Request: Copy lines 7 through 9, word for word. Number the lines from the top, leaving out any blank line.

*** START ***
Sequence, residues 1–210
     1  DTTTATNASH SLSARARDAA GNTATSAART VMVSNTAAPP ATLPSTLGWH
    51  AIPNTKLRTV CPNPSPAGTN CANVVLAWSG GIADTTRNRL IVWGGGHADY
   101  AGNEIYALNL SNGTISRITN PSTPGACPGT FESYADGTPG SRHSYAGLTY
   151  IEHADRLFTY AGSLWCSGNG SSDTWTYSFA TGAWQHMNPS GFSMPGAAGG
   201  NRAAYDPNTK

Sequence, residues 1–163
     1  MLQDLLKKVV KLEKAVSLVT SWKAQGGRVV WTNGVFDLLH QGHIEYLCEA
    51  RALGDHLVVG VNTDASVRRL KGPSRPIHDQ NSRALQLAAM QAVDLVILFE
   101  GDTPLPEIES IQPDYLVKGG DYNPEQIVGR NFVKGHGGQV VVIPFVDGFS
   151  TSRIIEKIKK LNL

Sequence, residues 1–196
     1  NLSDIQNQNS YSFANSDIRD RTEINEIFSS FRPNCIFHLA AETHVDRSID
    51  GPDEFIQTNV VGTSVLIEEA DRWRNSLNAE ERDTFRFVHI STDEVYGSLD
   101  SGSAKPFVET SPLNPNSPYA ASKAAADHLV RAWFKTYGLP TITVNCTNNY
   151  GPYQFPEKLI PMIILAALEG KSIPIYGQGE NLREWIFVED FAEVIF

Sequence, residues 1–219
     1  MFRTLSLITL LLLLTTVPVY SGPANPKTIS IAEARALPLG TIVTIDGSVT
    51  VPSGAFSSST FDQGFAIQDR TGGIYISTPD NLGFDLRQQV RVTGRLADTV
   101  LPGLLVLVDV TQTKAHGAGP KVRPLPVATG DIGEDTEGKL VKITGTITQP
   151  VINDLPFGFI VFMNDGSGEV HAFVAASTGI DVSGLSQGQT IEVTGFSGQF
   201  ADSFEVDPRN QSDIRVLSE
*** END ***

Sequence, residues 1–163
     1  MLQDLLKKVV KLEKAVSLVT SWKAQGGRVV WTNGVFDLLH QGHIEYLCEA
    51  RALGDHLVVG VNTDASVRRL KGPSRPIHDQ NSRALQLAAM QAVDLVILFE